Heat Advisory in Effect
Northwestern offers tips for staying safe in dangerous heat
The National Weather Service has issued a heat advisory for the Chicagoland area that remains in effect until 10:00 p.m. tonight (July 17).
High temperatures around 100 degrees are expected across Cook County and Chicago this afternoon. Peak heat indices are expected to range between 100 and 110 degrees this afternoon and early this evening.
Hot Weather Tips
• Stay informed about local weather updates.
• Stay hydrated by drinking plenty of fluids, even if you don’t feel thirsty.
• Eat small meals and eat more often.
• Avoid extreme temperature changes.
• Wear loose-fitting, light colored clothing. Avoid dark colors because they absorb the sun’s rays.
• Slow down, stay indoors and avoid strenuous exercise during the hottest part of the day.
• Take frequent breaks if you must work outside.
• Notify employees about the potential health risks of pollution and air quality alerts.
Recognizing Symptoms and Caring for People in Heat Emergencies
• Heat cramps are muscular pains and spasms that usually occur in the legs or abdomen caused by exposure to high heat and humidity and loss of fluids and electrolytes. Heat cramps are often a warning sign that the body is having trouble with the heat.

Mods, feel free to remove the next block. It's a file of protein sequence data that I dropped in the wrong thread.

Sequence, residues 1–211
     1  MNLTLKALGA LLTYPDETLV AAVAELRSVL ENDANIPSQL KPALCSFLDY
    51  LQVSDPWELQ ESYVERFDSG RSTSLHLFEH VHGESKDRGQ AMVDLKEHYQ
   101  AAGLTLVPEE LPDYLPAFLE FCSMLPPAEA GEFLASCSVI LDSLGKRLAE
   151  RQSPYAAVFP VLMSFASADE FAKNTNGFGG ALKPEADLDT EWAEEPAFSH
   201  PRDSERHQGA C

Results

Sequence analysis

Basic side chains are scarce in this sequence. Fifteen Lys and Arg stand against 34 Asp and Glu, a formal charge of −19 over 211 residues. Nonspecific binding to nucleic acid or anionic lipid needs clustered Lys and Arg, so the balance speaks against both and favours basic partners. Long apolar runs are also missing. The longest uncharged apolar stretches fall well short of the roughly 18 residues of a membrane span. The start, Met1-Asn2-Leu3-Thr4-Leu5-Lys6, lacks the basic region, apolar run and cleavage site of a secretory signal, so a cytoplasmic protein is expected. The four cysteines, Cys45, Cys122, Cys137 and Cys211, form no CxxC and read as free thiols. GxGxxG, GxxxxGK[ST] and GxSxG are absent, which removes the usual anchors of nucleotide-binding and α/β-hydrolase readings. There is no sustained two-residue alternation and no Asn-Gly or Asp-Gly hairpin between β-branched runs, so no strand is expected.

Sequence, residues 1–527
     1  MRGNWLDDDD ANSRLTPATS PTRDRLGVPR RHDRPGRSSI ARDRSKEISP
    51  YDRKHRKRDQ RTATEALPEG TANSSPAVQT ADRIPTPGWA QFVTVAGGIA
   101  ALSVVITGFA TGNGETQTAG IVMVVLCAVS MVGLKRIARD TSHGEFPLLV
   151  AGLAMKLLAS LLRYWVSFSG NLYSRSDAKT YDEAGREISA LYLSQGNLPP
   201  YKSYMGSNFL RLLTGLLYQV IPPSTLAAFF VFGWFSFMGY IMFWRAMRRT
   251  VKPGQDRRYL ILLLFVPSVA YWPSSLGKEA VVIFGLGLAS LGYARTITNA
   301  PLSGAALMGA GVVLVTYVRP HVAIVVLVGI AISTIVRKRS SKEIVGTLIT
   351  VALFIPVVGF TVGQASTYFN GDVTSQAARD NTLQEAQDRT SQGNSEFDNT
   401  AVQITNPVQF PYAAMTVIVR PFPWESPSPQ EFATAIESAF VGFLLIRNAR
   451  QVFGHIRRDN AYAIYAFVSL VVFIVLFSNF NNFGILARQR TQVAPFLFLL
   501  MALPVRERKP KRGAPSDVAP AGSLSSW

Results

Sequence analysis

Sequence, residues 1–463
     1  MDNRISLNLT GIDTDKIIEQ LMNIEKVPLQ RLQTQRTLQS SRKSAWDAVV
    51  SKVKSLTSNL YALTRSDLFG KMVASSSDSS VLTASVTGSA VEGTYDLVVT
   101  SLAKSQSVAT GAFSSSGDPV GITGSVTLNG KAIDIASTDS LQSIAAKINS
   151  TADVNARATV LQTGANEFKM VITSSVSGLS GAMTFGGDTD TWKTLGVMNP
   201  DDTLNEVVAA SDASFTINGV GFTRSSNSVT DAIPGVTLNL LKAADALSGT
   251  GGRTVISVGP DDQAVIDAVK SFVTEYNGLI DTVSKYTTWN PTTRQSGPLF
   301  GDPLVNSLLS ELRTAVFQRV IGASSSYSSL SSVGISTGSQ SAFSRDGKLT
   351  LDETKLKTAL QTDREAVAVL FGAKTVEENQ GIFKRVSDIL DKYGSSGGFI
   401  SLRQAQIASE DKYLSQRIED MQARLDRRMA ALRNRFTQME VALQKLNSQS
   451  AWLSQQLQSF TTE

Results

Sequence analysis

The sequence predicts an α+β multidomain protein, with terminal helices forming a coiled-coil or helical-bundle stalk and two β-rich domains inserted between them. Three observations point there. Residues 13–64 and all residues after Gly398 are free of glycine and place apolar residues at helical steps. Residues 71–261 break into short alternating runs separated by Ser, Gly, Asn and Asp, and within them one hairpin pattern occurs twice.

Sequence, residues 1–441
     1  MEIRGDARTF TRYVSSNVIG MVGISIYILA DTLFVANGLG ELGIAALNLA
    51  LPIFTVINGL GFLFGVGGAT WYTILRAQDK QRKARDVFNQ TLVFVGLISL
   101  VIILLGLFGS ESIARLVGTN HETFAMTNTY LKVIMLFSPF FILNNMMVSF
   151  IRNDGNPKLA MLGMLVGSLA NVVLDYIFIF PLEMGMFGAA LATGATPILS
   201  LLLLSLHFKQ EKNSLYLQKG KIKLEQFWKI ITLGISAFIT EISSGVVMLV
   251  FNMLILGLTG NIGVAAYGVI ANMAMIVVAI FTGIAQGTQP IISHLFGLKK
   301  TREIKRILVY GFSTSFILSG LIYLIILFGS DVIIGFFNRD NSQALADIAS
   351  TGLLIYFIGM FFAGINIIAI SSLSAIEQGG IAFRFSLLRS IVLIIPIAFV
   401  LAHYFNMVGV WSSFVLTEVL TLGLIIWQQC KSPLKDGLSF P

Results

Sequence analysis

• Heat exhaustion typically involves the loss of body fluids through heavy sweating
during strenuous exercise or physical labor in high heat and humidity.
• Signs of heat exhaustion include cool, moist, pale or flushed skin; heavy sweating; headache; nausea; dizziness; weakness, and exhaustion.
• Move the person to a cooler place. Remove or loosen tight clothing and apply cool, wet cloth or towels to the skin. Fan the person. If the person is conscious, give small amounts of cool water to drink. Make sure the person drinks slowly. Watch for changes in condition.
• Heat stroke (also known as sunstroke) is a life-threatening condition in which a person’s temperature control system stops working and the body is unable to cool itself. If the person refuses water, vomits or begins to lose consciousness, call 9-1-1 or the local emergency number.
• Signs of heat stroke include hot, red skin which may be dry or moist; changes in consciousness; vomiting, and high body temperature.
• Remember: Heat stroke is life-threatening. Call 9-1-1 or the local emergency number immediately.
• Move the person to a cooler place. Quickly cool the person’s body by giving care as you would for heat exhaustion. If needed, continue rapid cooling by applying ice or cold packs wrapped in a cloth to the wrists, ankles, groin, neck and armpits.
If you have any questions or concerns, please contact the Emergency Services Division, Office of Emergency Management at 847-467-3148 or by email at firstname.lastname@example.org.